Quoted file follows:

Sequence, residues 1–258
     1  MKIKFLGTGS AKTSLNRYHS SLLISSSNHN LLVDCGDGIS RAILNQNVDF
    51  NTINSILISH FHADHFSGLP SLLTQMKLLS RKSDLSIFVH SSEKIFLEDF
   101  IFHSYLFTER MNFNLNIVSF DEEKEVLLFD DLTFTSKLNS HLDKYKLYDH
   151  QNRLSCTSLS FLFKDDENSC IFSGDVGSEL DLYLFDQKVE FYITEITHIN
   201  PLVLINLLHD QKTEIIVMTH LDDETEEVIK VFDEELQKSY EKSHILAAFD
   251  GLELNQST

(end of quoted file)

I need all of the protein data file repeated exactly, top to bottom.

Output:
Sequence, residues 1–258
     1  MKIKFLGTGS AKTSLNRYHS SLLISSSNHN LLVDCGDGIS RAILNQNVDF
    51  NTINSILISH FHADHFSGLP SLLTQMKLLS RKSDLSIFVH SSEKIFLEDF
   101  IFHSYLFTER MNFNLNIVSF DEEKEVLLFD DLTFTSKLNS HLDKYKLYDH
   151  QNRLSCTSLS FLFKDDENSC IFSGDVGSEL DLYLFDQKVE FYITEITHIN
   201  PLVLINLLHD QKTEIIVMTH LDDETEEVIK VFDEELQKSY EKSHILAAFD
   251  GLELNQST